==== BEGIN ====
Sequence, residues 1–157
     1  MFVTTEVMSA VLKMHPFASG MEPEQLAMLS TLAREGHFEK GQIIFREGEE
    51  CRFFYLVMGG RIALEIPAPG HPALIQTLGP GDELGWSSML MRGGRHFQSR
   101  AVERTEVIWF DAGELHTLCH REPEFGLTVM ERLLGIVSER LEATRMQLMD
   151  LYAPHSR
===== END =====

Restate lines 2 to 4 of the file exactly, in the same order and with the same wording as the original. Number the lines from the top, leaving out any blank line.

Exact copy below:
     1  MFVTTEVMSA VLKMHPFASG MEPEQLAMLS TLAREGHFEK GQIIFREGEE
    51  CRFFYLVMGG RIALEIPAPG HPALIQTLGP GDELGWSSML MRGGRHFQSR
   101  AVERTEVIWF DAGELHTLCH REPEFGLTVM ERLLGIVSER LEATRMQLMD